Skip to main content
The Weald's Favourite Airline

It came as a surprise. Walking onto the apron at Manston with the other passengers for EUjet’s flight to Dublin, we walked past the two Fokker 100 jets and on towards the squat-looking Airlinair ATR 42-500 turbo-prop aircraft that I had previously wondered about, tucked-away in the corner.


Photo of the ATR taken at Dublin - Not Manston.

Can I take a photo I asked our escort? “No” she replied, “Security”, and I nodded knowingly, EUjet having confiscated my blunt nail scissors half an hour before.

Where the BAA have now re-allowed blunt nail scissors to be carried on passenger flights, EUjet, which has it’s aircraft under an Irish registration, is still bound by Irish regulations, so no scissors or anything vaguely metallic or pointed that may pose a security risk to the aircraft or its crew.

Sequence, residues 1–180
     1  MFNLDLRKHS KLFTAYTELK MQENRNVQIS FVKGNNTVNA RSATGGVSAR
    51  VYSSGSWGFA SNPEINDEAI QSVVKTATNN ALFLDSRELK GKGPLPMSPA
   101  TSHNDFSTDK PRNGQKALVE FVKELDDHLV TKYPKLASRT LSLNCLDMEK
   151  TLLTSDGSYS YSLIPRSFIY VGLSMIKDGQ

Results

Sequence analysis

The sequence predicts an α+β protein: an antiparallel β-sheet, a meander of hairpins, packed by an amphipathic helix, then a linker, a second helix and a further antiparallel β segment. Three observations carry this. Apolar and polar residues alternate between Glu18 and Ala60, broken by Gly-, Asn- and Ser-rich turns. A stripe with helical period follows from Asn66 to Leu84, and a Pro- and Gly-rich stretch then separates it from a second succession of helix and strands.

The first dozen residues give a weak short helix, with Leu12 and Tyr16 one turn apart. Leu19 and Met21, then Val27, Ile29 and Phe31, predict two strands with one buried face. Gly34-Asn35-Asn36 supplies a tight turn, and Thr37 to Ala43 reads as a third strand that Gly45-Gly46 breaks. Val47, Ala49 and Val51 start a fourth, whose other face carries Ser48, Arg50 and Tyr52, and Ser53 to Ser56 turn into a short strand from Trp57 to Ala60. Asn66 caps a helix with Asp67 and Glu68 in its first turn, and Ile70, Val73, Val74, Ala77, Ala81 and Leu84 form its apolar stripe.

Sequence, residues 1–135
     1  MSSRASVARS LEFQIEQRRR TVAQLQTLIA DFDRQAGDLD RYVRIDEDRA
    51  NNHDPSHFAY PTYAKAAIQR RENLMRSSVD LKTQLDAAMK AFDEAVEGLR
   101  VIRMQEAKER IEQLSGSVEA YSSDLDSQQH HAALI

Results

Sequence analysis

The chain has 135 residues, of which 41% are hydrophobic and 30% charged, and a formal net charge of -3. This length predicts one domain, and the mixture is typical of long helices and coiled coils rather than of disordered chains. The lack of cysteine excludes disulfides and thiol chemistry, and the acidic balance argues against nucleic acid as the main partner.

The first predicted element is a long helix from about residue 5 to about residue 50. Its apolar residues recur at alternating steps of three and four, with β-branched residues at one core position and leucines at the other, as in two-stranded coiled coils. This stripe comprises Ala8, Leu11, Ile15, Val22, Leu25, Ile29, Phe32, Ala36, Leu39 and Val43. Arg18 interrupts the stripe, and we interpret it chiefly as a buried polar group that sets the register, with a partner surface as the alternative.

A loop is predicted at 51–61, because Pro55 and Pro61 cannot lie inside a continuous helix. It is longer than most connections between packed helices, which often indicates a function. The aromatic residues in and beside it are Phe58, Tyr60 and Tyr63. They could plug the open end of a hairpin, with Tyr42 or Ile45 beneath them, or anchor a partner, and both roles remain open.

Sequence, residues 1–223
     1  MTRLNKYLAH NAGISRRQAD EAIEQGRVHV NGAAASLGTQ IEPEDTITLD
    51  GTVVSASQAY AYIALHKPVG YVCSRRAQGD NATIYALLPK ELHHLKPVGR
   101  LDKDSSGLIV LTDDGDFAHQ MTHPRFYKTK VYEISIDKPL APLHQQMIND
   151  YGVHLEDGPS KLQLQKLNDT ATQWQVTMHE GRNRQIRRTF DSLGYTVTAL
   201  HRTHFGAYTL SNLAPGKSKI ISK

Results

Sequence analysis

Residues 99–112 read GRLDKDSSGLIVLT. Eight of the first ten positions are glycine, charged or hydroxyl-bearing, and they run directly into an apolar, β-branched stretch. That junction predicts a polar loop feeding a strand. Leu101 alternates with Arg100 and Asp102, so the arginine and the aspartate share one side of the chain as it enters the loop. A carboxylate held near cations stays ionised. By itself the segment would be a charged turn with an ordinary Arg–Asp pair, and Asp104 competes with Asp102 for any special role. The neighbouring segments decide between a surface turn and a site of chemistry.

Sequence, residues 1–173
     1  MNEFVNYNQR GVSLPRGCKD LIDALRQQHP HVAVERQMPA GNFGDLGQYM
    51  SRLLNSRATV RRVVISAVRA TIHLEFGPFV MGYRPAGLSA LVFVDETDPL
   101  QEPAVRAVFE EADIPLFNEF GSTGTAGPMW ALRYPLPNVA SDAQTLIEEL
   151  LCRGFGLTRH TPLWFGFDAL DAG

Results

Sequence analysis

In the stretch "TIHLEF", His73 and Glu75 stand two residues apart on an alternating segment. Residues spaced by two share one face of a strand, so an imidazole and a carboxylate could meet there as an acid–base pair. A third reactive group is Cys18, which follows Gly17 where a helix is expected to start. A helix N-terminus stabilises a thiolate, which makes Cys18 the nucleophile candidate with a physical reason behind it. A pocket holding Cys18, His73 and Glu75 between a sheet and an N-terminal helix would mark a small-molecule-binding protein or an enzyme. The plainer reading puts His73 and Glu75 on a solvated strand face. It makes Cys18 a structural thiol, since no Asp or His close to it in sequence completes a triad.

I recently interviewed EUjet boss, Stuart McGoldrick for Airliner World and knowing a number of people, management and crew at the airline, I have been asking EUjet if it might be possible to fly the right seat of one of their Fokker 100’s for Pilot Magazine review of the aircraft, - and they’re looking into it but the ATR was an extra unexpected bonus, as I was thinking of approaching Air Atlantique for ride in theirs.

The Captain of this Airlinair ATR-42, was Francois Roubes and his First Officer is Claudio Dumay.

Francois, who was a helicopter pilot in the French navy has been a Captain on the ATR for five years, while Claudio, who was a flight engineer, has two years on type. Both are based at Orly, outside Paris.